No, this post is not about the relationships between developers. They are normal people too. It is more about the fact that, for over 20 years already since the rise of OO languages like Java, developers are still trying to get data into relational database tables. Of course there are libraries like Hibernate that do the Object to Relational Mapping (ORM) for you, but in the end you’re still trying to create a (3rd form normalised) relational structure that fits with your real world objects. Oh, and next to that you’re trying to get the data back into your application in such a way that it still performs well.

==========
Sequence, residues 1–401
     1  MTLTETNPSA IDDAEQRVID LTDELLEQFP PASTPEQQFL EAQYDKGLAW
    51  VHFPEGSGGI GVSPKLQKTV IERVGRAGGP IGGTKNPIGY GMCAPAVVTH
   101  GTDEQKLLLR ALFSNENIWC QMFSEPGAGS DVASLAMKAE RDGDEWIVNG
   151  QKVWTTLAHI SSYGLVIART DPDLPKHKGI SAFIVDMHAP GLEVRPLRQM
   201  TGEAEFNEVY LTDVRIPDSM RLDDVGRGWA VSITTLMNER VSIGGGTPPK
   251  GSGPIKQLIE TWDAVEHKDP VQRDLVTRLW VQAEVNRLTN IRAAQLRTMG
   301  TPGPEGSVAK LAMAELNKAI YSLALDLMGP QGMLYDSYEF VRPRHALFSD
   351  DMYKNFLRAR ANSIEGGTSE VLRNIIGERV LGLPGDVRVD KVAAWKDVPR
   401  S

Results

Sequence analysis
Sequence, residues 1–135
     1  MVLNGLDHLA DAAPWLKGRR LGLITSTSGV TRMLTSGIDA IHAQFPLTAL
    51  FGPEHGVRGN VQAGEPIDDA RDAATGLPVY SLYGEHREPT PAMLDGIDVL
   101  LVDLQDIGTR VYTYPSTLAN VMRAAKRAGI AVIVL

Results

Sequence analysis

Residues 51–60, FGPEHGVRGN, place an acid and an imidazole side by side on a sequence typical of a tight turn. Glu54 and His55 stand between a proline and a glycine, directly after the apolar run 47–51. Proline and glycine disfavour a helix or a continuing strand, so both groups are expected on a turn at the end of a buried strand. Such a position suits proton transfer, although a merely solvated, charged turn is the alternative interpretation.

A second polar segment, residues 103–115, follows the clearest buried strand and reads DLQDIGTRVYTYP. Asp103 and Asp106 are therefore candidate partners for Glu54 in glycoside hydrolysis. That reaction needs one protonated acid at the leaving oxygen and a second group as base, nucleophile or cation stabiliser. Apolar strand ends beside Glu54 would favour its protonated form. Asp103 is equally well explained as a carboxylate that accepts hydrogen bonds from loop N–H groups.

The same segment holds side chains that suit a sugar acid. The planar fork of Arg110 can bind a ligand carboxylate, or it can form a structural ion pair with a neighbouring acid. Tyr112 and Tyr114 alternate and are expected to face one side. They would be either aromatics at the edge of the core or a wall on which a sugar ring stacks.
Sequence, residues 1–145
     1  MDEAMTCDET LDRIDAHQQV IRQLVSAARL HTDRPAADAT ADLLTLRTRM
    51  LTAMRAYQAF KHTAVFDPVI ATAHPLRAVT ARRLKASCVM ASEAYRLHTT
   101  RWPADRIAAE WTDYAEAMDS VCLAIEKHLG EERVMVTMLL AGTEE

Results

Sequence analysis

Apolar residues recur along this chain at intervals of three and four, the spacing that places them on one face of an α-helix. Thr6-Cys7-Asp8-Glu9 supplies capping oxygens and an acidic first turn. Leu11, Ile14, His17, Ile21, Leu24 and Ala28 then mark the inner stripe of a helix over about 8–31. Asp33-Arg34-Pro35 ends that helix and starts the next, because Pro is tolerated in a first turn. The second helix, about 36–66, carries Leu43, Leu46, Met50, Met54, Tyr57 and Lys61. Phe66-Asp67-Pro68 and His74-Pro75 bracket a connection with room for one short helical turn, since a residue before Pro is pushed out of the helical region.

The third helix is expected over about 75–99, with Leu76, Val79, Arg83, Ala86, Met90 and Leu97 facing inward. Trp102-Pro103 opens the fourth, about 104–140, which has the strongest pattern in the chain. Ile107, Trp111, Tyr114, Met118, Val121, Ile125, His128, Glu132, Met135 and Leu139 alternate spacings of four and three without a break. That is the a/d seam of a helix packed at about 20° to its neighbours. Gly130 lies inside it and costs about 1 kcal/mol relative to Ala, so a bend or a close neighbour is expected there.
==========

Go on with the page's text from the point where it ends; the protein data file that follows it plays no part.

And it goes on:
If you just don’t want to go with Mongo you have a point. Everybody is doing it. It’s Mongo all over the place. And how do you know it’s the best choice, if you haven’t used anything else? Continue reading
It’s a common belief among developers that storing binaries in a database is not a best practice. It is particularly believed to be slow in both read and write performance. A common solution is then to store binaries as files on a (networked) filesystem while keeping a reference to those files in the database. While this is fine in most cases it does pose one issue: It’s not ACID.
For a Java based product we picked Liquibase as the database change management solution. Want to know how we got there?